14. KATAOKA, Ken, et al. Internalization of REIC/Dkk-3 protein by induced pluripotent stem cell-derived embryoid bodies and extra-embryonic tissues. Int J Mol Med, 2010, 26. 6: 853-859. [ MS-9096U ]
  15. TAKAYAMA, Yuzo, et al. (2009). Ensemble stimulation of embryoid bodies using microfabricated ITO substrates. Engineering in Medicine and Biology Society, 2009. EMBC 2009. Annual International Conference of the IEEE, IEEE. [ MS-9096U ]
  16. TAKAYAMA, Yuzo, et al. Ensemble Stimulation of Embryoid Bodies using Substrate-Embedded Electrodes. IEEJ Transactions on Electrical and Electronic Engineering, 2009, 4. 6: 734-735. [ MS-9096U ]

< ESTEmbryonic Stem Cell Test >

  1. SUZUKI, N., et al. Evaluation of novel high-throughput embryonic stem cell tests with new molecular markers for screening embryotoxic chemicals in vitro. Toxicological sciences : an official journal of the Society of Toxicology, 2011, 124. 2: 460-471. [ MS-9096W ]

Note: Some references refer to the product name as “Cell-Tight ”. Cell Tight was renamed to PrimeSurface®.

[PrimeSurface® Cancer Research Publication List]

  1. ROTEM, Asaf, et al. Alternative to the soft-agar assay that permits high-throughput drug and genetic screens for cellular transformation. Proceedings of the National Academy of Sciences, 2015,
  2. MISU, Masayasu, et al. Effects of Wnt-10b on proliferation and differentiation of murine melanoma cells. Biochemical and Biophysical Research Communications, 2015, 463. 4: 618-623.
  3. NAKANISHI, Yoshito, et al. Mechanism of oncogenic signal activation by the novel fusion kinase FGFR3–BAIAP2L1. Molecular cancer therapeutics, 2015, 14. 3: 704-712.
  4. NOZAWA-SUZUKI, Noriko, et al. The inhibitory effect of hypoxic cytotoxin on the expansion of cancer stem cells in ovarian cancer. Biochemical and Biophysical Research Communications, 2015, 457. 4: 706-711.
  5. YONESAKA, K, et al. Anti-HER3 monoclonal antibody patritumab sensitizes refractory non-small cell lung cancer to the epidermal growth factor receptor inhibitor erlotinib. Oncogene, 2015,
  6. YOSHIDA, Ryohei, et al. EGFR tyrosine kinase inhibitors combined with cytotoxic drugs for treatment of NSCLC with EGFR gene mutations: Efficacy and mechanisms. Cancer research, 2015, 75. 15 Supplement: 3501-3501.
  7. KODAMA, Tatsushi, et al. A Novel Mechanism of EML4-ALK Rearrangement Mediated by Chromothripsis in a Patient-Derived Cell Line. Journal of Thoracic Oncology, 2014,
  8. KODAMA, Tatsushi, et al. Alectinib shows potent antitumor activity against RET-rearranged non–small cell lung cancer. Molecular cancer therapeutics, 2014, 13. 12: 2910-2918.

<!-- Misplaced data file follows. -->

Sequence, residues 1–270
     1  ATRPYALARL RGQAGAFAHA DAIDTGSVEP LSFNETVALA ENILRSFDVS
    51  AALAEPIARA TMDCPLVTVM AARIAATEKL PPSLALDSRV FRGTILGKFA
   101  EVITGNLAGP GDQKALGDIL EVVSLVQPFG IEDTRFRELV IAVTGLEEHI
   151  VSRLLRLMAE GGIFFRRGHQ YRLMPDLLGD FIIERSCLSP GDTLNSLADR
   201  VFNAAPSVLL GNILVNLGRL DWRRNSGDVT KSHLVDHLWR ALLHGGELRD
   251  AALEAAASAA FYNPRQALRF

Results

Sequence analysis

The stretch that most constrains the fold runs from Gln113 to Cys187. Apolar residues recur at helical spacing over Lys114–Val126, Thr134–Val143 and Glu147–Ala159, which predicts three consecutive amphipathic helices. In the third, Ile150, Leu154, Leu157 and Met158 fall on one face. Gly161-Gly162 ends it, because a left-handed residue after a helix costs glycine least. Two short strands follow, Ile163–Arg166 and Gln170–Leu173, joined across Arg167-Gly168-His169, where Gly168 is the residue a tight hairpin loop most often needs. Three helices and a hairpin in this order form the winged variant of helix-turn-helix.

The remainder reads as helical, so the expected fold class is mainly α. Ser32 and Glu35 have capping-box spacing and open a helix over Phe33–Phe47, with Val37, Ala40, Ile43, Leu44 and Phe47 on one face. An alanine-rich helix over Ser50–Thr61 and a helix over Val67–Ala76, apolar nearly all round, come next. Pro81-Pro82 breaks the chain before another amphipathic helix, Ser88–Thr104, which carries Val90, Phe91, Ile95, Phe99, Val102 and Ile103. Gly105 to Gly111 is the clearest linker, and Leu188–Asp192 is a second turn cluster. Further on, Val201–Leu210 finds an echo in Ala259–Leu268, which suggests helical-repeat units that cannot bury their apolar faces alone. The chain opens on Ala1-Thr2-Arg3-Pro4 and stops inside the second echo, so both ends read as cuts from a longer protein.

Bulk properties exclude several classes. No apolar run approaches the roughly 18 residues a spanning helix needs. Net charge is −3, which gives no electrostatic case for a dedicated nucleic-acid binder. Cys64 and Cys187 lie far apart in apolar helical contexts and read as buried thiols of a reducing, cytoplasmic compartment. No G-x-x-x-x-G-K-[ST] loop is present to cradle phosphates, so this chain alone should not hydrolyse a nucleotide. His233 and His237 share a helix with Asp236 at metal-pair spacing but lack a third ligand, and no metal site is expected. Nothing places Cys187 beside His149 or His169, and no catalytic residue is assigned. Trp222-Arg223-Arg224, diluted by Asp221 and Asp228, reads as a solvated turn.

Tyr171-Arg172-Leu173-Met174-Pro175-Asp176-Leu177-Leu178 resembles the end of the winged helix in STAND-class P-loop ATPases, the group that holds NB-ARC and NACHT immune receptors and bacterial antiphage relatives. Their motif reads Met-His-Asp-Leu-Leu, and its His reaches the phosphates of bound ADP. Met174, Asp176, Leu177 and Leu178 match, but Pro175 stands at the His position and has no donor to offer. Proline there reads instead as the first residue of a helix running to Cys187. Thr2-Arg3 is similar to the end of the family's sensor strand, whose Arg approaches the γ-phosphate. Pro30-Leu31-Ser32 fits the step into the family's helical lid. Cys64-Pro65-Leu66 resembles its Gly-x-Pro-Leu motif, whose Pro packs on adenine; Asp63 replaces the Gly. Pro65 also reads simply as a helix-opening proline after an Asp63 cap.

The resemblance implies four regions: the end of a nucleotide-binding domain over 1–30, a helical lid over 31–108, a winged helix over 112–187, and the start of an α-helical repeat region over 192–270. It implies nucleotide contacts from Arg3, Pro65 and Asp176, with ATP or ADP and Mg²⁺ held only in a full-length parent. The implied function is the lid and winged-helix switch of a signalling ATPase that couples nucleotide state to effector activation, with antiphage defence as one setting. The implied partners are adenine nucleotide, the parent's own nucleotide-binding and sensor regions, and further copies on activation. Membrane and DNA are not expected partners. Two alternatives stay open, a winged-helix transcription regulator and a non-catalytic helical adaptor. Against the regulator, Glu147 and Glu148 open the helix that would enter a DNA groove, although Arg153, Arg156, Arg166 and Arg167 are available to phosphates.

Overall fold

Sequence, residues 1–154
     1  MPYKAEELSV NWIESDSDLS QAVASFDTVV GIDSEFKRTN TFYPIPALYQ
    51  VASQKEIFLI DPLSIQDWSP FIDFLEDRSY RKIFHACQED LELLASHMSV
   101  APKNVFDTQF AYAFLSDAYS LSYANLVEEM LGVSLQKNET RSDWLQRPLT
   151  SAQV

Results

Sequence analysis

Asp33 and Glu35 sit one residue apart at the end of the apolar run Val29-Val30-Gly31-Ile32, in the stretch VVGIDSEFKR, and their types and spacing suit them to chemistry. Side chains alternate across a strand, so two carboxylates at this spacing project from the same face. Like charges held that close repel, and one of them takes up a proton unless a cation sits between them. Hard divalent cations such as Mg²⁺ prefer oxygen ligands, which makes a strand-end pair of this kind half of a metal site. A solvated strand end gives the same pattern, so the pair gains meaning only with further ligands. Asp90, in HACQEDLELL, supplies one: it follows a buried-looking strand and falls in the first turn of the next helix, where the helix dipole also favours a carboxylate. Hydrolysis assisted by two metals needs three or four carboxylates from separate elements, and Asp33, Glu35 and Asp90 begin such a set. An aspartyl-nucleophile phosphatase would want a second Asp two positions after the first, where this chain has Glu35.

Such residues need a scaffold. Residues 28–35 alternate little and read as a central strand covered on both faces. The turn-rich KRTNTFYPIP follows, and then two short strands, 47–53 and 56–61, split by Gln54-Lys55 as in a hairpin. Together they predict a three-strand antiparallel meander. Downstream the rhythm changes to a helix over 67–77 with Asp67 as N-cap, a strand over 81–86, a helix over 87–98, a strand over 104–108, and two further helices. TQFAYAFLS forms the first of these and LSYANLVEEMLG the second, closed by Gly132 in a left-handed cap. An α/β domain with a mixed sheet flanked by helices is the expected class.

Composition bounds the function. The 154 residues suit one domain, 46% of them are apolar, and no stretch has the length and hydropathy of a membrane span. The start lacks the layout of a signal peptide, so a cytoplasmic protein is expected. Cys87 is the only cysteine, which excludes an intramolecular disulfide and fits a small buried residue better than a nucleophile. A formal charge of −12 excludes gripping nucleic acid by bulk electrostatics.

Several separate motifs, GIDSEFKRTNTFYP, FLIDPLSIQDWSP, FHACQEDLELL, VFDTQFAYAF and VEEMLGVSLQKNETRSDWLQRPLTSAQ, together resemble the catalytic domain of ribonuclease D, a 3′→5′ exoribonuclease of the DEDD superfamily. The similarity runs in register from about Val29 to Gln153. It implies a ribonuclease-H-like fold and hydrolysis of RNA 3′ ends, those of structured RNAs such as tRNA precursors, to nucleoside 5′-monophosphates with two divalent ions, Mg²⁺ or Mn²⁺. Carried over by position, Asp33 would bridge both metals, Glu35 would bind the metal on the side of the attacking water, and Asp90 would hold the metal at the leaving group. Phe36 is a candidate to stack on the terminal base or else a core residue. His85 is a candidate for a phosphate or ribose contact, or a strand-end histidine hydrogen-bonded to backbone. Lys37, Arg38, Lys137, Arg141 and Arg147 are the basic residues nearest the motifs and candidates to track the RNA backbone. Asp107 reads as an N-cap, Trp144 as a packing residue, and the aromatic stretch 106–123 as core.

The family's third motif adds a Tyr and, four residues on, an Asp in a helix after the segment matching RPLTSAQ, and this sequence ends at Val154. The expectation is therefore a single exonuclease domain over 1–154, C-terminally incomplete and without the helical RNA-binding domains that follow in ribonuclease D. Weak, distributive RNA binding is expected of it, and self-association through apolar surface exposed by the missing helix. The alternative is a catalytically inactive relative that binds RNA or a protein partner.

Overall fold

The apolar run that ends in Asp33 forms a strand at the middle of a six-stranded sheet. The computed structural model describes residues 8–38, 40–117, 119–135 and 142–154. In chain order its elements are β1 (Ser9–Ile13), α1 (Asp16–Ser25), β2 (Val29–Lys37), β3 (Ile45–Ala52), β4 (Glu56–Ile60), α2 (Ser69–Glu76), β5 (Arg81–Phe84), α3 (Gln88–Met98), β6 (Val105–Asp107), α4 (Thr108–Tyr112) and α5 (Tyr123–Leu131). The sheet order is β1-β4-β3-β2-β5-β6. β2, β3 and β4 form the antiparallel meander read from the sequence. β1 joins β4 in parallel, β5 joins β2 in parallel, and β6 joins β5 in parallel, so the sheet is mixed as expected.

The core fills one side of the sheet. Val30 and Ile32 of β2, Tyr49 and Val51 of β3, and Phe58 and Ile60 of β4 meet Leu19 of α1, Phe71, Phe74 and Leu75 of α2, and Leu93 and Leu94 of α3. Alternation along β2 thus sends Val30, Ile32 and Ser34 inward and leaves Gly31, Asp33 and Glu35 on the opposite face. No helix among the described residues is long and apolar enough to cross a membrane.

9. MIKHAIL, Andrew S, et al. Image-Based Analysis of the Size-and Time-Dependent Penetration of Polymeric Micelles in Multicellular Tumor Spheroids and Tumor Xenografts. International journal of pharmaceutics, 2014, 464. 1–2: 168–177.
  10. MORI, Masamichi, et al. The selective anaplastic lymphoma receptor tyrosine kinase inhibitor ASP3026 induces tumor regression and prolongs survival in non-small cell lung cancer model mice. Molecular cancer therapeutics, 2014, 13. 2: 329-340.
  11. OHNISHI, Ken, et al. Plastic induction of CD133AC133-positive cells in the microenvironment of glioblastoma spheroids. International journal of oncology, 2014, 45. 2: 581-586.
  12. SHIMOZATO, O., et al. Receptor-type protein tyrosine phosphatase κ directly dephosphorylates CD133 and regulates downstream AKT activation. Oncogene (Nature), 2014, 1-12.
  13. AKIMOTO, Miho, et al. An inhibitor of HIF-α subunit expression suppresses hypoxia-induced dedifferentiation of human NSCLC into cancer stem cell-like cells. World J Med Genet, 2013, 27. 3(4): 41-45.
  14. BRESLIN, Susan and O’DRISCOLL, Lorraine Three-dimensional cell culture: the missing link in drug discovery. Drug Discovery Today, 2013, 18. 5: 240-249.
  15. GOUDARZI, Houman, et al. Hypoxia affects in vitro growth of newly established cell lines from patients with malignant pleural mesothelioma. Biomedical Research, 2013, 34. 1: 13-21.
  16. ISHII, Genichiro, et al. Morphophenotype of floating colonies derived from a single cancer cell has a critical impact on tumor-forming activity. Pathology International, 2013, 63. 1: 29-36.
  17. KATO, Takuma, et al. Protein Transfection Study Using Multicellular Tumor Spheroids of Human Hepatoma Huh-7 Cells. PLoS ONE, 2013, 8. 12: e82876.
  18. KESSEL, Sarah, et al. (2013). Progressing 3D Spheroid Analysis into a HTS Drug Discovery Method. Molecular biology of the cell, AMER SOC CELL BIOLOGY 8120 WOODMONT AVE, STE 750, BETHESDA, MD 20814-2755 USA.
  19. MIKHAIL, Andrew S, et al. Multicellular Tumor Spheroids for Evaluation of Cytotoxicity and Tumor Growth Inhibitory Effects of Nanomedicines In Vitro: A Comparison of Docetaxel-Loaded Block Copolymer Micelles and Taxotere®. PLoS ONE, 2013, 8. 4: e62630.
  20. SATO, Shuji, et al. Identification of the Cancer Cell Proliferation and Survival Functions of proHB-EGF by Using an Anti-HB-EGF Antibody. PLoS ONE, 2013, 8. 1: e54509.
  21. KONISHI, Hiroaki, et al. PEGylated liposome IHL-305 markedly improved the survival of ovarian cancer peritoneal metastasis in mouse. BMC Cancer, 2012, 12. 1: 462.
  22. MASUDA, Taisuke, et al. A microfabricated platform to form three-dimensional toroidal multicellular aggregate. Biomedical microdevices, 2012, 14. 6: 1085-1093.
  23. NISHIMURA, S., et al. MRGD, a MAS-related G-protein coupled receptor, promotes tumorigenisis and is highly expressed in lung cancer. PLoS ONE, 2012, 7. 6: e38618.
  24. OYANAGI, Jun, et al. Epithelial-mesenchymal transition stimulates human cancer cells to extend microtubule-based invasive protrusions and suppresses cell growth in collagen gel. PLoS ONE, 2012, 7. 12: e53209.
  25. UNO, Makiko, et al. Identification of physiologically active substances as novel ligands for MRGPRD. BioMed Research International, 2012, 2012. 1-9.